In 1905 an uprising now known as the Revolution of 1905 occurred in Russia. Widespread revolt against the Russian czar’s government spread throughout the country, but was eventually put to an end by the government. This revolt among the Russian people surprised all Russian revolutionary leaders, including the Bolsheviks. Lenin managed to return to Russia only in November, when the defeat of the revolution was practically certain. But he was among the last to give up.

Bolshevism and Marxism

Since about 1905 the international socialist movement had begun also to discuss the possibility of a major war breaking out among European nations. In 1907 and 1912, members met and condemned such wars in advance, pledging not to support them. Lenin had wanted to go further than that. He had urged active opposition to the war effort and a transformation of any war into a proletarian revolution. When World War I (1914–1918; a conflict involving most European nations, as well as Russia, the United States, and Japan) broke out, most socialist leaders in the countries involved supported the war effort. For Lenin, this was proof that he and the other leaders shared no common aims or views. The break between the two schools of Marxism could not be fixed.

During World War I (1914–18) Lenin lived in Switzerland. He attended several conferences of radical socialists opposed to the war. He read a large amount of literature on the Marxist idea of state government and wrote a first draft for a book on the subject, The State and Revolution. He also studied literature dealing with world politics of the time and wrote an important book, Imperialism: The Highest Stage of Capitalism, in 1916.

Lenin in 1917
It took a good deal of negotiation and courage for Lenin and a group of like-minded Russian revolutionaries to travel from Switzerland back to Russia through the enemy country of Germany. Fluent in many languages, Lenin spoke Russian with a slight speech defect but was a powerful public speaker in small groups as well as before large audiences. A tireless worker, he made others work tirelessly. He tried to push those who worked with him to devote every ounce of their energy to the revolutionary task at hand. He was impatient with any other activities, including small talk and discussions of political theories.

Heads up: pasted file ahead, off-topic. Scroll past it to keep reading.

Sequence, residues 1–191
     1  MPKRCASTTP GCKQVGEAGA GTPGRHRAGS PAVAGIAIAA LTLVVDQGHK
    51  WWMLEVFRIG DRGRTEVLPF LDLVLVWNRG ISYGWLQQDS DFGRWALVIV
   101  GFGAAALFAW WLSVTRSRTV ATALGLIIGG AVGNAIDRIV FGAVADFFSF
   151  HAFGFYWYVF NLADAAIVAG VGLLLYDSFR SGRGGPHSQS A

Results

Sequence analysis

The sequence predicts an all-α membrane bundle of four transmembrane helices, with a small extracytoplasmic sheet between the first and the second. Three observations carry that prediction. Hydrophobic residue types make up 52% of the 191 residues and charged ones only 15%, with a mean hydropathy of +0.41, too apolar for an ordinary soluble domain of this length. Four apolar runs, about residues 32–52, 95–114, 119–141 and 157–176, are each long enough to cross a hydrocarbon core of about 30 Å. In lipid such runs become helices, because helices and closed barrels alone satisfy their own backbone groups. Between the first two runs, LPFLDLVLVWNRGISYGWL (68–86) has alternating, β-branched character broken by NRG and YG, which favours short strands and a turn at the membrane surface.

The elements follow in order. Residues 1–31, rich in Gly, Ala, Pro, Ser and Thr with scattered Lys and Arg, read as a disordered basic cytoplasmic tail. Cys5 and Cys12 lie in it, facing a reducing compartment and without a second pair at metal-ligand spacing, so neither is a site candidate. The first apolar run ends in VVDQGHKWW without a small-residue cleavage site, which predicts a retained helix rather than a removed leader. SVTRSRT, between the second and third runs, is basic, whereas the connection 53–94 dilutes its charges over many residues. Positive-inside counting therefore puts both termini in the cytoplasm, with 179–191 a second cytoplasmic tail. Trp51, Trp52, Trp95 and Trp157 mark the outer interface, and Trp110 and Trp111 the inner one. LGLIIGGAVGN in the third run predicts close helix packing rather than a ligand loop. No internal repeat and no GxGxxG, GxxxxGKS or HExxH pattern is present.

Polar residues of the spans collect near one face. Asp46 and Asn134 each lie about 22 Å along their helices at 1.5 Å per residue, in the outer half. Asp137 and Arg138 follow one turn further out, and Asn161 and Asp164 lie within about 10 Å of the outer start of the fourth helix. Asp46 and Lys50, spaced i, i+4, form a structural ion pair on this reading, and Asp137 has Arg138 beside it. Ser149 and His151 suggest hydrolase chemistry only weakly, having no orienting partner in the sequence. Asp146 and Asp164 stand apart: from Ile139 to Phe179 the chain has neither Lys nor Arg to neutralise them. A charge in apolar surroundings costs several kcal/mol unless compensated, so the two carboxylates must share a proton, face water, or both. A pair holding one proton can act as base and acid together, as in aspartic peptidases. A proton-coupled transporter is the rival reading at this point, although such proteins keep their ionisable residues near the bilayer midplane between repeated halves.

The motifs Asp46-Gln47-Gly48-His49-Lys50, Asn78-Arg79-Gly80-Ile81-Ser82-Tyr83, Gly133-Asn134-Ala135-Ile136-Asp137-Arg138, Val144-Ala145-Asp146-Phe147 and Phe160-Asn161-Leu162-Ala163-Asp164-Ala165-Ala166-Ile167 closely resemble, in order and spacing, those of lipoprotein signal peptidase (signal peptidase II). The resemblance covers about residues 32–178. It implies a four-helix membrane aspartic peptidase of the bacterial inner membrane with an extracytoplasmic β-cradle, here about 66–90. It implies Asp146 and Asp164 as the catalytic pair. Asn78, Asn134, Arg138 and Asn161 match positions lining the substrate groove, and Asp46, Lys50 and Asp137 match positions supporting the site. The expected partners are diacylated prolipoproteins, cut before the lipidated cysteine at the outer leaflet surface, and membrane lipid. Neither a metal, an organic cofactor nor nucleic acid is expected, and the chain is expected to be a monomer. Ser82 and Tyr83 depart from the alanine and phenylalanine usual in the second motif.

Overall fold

Lenin’s Bolshevik government initially shared power his administration redistributed land among the peasantry and nationalised banks and large-scale industry. It withdrew from the First World War by signing a treaty conceding territory to the Central Powers, and promoted world revolution through the Communist International.His administration defeated right and left-wing anti-Bolshevik armies in the Russian Civil War from 1917 to 1922 and oversaw the Polish–Soviet War of 1919–1921. Responding to wartime devastation, famine, and popular uprisings, in 1921 Lenin encouraged economic growth through the market-oriented New Economic Policy. Several non-Russian nations had secured independence from the Russian Empire after 1917, but three were re-united into the new Soviet Union in 1922. His health failing, Lenin died in Gorki, with Joseph Stalin succeeding him as the pre-eminent figure in the Soviet government.
While he studied law in St. Petersburg he learned about the writings of Karl Marx and Friedrich Engels.To talk or write about Marxism positively was illegal in Russia, and Lenin was arrested for that and sent to prison in Siberia. This punishment was harsh because Siberia is known for being very cold and isolated, and almost impossible to escape.

Exile in Siberia
In July 1898, when he was still in Siberia, Lenin married Nadezhda Krupskaya. In 1899 he wrote a book he called The Development of Capitalism in Russia. In 1900, Lenin was set free from prison and allowed to go back home. He then traveled around Europe. He began to publish a Marxist newspaper called Iskra, the Russian word for “spark” or “lightning”. He also became an important member of the Russian Social Democratic Labour Party, or RSDLP.

Bolshevik and Menshevik

In 1903, Lenin had a major argument with another leader of the party, Julius Martov, which divided the party in two. Lenin wanted to establish socialism right away, rather than establishing capitalism first and then making the transition to socialism. Martov disagreed, he wanted to cling to the Classical Marxist idea that in order to achieve socialism, you must go through capitalism first. People who agreed with Martov were called Mensheviks (meaning “the minority”). The people who agreed with Lenin were called Bolsheviks (“the majority”).
The meeting shut down when a lot of the groups argued whether or not to support the war. Lenin and the Bolsheviks were one of only a few groups who were against the war because of their Marxist ideas. In 1903, he took a key role in the RSDLP ideological split, leading the Bolshevik faction against Julius Martov’s Mensheviks. Following Russia’s failed Revolution of 1905, he campaigned for the First World War to be transformed into a Europe-wide proletarian revolution, which as a Marxist he believed would cause the overthrow of capitalism and its replacement with socialism. After the 1917 February Revolution ousted the Tsar and established a Provisional Government, he returned to Russia to play a leading role in the October Revolution in which the Bolsheviks overthrew the new regime.
These ideas include: Democratic Centralism, also known as the idea of the vanguard party. Like other communists, Lenin wanted to see a socialist revolution led by the working class. But he thought the workers needed strong leadership in the form of a Revolutionary Party based on Democratic Centralism.